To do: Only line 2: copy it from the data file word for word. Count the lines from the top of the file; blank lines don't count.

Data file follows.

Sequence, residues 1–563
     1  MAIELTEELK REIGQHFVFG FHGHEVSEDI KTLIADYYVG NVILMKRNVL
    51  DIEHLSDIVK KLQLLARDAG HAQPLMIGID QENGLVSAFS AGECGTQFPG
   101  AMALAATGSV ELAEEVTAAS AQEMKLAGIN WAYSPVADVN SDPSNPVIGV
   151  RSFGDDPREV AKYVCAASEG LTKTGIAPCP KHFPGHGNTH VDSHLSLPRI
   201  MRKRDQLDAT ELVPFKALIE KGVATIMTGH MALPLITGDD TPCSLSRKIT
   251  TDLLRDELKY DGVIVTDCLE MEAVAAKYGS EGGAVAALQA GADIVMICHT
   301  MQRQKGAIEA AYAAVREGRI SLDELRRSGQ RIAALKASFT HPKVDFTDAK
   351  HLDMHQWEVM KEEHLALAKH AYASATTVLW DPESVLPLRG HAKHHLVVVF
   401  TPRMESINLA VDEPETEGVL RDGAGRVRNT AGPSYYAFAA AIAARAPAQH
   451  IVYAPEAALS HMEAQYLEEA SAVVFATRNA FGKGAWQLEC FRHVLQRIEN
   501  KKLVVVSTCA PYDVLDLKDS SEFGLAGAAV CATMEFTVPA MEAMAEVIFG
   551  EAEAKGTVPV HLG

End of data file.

     1  MAIELTEELK REIGQHFVFG FHGHEVSEDI KTLIADYYVG NVILMKRNVL